I don't know about you, but the end of the year is always tough for my middle school students! They are ready for summer! We usually finish up our story based literacy with 4-6 weeks of the year left, which gives us a great opportunity to switch things up to stay motivated through the end of school.
This last year, I was brainstorming ideas for more hands-on activities, and we tried something new!
Each of my paraprofessionals was responsible for running a station. I loved this because it gave them a chance to work with every student, every week. I also assigned a peer tutor to each rotation so they could assist students.
Students rotated through each station during the week so they got a chance to complete each activity. I had a daily schedule displayed on the projector so students knew where to go.
I gave each para a folder with their groups, activities, and materials for the full 4 weeks that we did this. That way, I only had to prep once and we were ready for the rest of the year. I listed any additional materials they would need from the classroom so they could gather them before we started. They did the same activity for the whole week, so it was easy for them to grab everything and set it aside.
I also specified the location where I wanted them to run their rotations. I found that making sure I was very clear about the activity, materials, and location helped the transition process a ton!
Rotation 1: Art
We used the Process Art resource by Supports for Special Students from on TpT. This was great for all of my students to participate, even those with more severe motor challenges.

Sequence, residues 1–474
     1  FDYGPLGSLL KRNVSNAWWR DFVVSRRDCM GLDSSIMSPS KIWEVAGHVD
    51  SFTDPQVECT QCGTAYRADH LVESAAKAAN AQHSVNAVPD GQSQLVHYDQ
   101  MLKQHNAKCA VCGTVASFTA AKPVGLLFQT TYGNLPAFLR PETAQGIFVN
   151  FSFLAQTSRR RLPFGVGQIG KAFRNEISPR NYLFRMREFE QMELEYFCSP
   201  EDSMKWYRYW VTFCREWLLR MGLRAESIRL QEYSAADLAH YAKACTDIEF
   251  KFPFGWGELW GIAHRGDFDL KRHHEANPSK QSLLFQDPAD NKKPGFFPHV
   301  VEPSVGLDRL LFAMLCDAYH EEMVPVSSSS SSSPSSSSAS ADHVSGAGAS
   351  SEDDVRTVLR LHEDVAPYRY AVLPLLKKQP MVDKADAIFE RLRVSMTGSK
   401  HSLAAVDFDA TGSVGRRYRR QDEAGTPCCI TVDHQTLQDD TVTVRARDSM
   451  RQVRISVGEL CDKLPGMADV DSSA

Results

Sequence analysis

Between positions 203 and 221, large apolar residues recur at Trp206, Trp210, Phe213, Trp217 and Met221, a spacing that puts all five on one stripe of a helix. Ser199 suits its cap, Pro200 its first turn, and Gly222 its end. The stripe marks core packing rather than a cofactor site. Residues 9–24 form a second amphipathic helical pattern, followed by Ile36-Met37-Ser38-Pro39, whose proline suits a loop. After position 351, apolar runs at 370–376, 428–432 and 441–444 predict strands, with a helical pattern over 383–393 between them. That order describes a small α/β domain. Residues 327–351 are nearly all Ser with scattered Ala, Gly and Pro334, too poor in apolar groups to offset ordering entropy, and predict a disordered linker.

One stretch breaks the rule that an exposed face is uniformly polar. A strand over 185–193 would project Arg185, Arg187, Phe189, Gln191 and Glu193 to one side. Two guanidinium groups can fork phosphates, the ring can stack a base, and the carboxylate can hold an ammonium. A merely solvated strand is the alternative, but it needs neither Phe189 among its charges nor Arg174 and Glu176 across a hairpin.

Rotation 2: Motor
We alternated between fine motor activities and gross motor activities each week. For the fine motor activities, I used this choice board, and students were allowed to select the activities they wanted to do. You can grab this for free in my resource library. For gross motor, we spent time outside enjoying the warmer weather and did an obstacle course at a nearby park, and went bowling with my jumbo inflatable bowling set.
Rotation 3: Cooking/ Technology
This rotation alternated between cooking one week and technology the next. This was easier for me as far as purchasing ingredients and reducing the cost of our weekly activities. We used the Visual Cooking Recipes from Mrs. D's Corner. For technology, students used an iPad and worked in apps or Boom cards.
Rotation 4: Testing/ Writing
The last rotation was run by me. I always taught writing during this class period, and I needed to continue to make sure I was addressing students' writing IEP goals. I also used this time to finish our DLM testing.
I loved these rotations! It was such a fun (and functional) way to wrap up the year and switch things up. I think it's so important for students to learn to deal with changes in the schedule and routine, as long as you are supporting them with visuals and schedules to assist when needed.
It also helped my paras, peer tutors, and myself cope with our end-of-the-year burnout by trying new things and working with new students. Win-win for everyone!